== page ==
Part of being a tourist in Cuba is sorting out the puzzle of its ideology and its struggling economy. With the country opening up to tourism, softening its controls on society, and preparing for the inevitable end of the Castro era, traveling here is filled with fun and curious insights.
Fidel Castro is beloved by many for winning Cuba's independence from the dictatorship of Batista, and loathed by many for keeping the country out of the global economic and political mainstream. Visiting Americans who may be inclined to criticize Cuban policies compare the economy and civil liberties to their reality in the USA, and find it horrible. Others compare the economic reality of workers here to workers anywhere else in Latin America, and find it roughly the same (from a material wealth point of view) -- and note Cuba's comparative advantage in health care, education, stability, and safety. When it comes to crime, drugs, and gang-related violence, communist Cuba is far safer than capitalist Latin American countries. But this is not a democracy, and being a dissident here can land you in jail. While other countries have their economic elites in business, Cuba has its economic elites in high government posts.
In 1956, Fidel Castro and a few dozen fellow Cuban Revolutionaries motored a yacht from Mexico to Cuba intent on overthrowing the Batista dictatorship. (Batista was friendly with the big American corporations that dominated the Cuban economy. He also stripped Cuban people of many rights and arrested anyone who took a stand against him.) With a mix of heartless brutality, political brilliance, and liberty-or-death courage and idealism, Castro and his gang inspired Cubans to rise up and overthrow their government. And in 1960, Castro -- now the leader of the island -- found himself in Havana speaking to the masses who filled what was later renamed "Revolution Square."
The Museum of the Revolution tells that amazing story from a Cuban point of view. It shows off the good ship Granma, in which Fidel Castro and the original band of 82 Revolutionaries cruised from Mexico to gain a toehold on the island and eventually rally the people to overthrow their corrupt dictator, Batista. The museum also displays, with simple typed descriptions in old-school glass cases, the humble artifacts of that stirring Revolution.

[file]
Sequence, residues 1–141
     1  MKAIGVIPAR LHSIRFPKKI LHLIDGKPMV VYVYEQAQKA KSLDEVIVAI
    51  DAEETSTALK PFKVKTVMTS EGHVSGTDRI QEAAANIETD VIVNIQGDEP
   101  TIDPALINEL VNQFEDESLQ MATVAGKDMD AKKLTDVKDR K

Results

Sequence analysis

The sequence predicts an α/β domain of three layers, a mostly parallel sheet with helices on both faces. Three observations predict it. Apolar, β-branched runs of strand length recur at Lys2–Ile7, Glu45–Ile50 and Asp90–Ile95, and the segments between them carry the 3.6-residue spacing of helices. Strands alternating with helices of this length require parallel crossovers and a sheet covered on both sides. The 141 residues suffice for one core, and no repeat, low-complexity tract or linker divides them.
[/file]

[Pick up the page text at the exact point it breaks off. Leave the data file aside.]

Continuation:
Castro's right-hand man was Che Guevara. While you see lots of monuments to Che and the revolutionary hero from a century earlier (José Martí), you rarely see Fidel Castro's image on monuments. But he looms large in many Cuban hearts.
Che Guevara is the classic dashing Revolutionary, and a big seller from souvenir shops to tattoo parlors. While a charismatic leader, he was also a brutal killer. I resist the temptation to celebrate Che.
In Cuba, you see very little advertising beyond simple store signs. But there are plenty of billboards with political messages. The propaganda I saw was not anti-Imperialism or anti-American (except for anti-embargo messages), but rather pro-Cuban Revolution and pro-Cuban dignity and independence. Many of them tied Castro and the Cuban Revolution to two newer world figures: the late Venezuelan strongman Hugo Chávez (Venezuela provides Cuba with critical economic support -- desperately needed considering the US embargo and the fall of the USSR, which propped up the Cuban economy for so long) and Nelson Mandela (a fellow hero of the "non-aligned world" -- developing nations that refused to formally align with the big powers during the Cold War).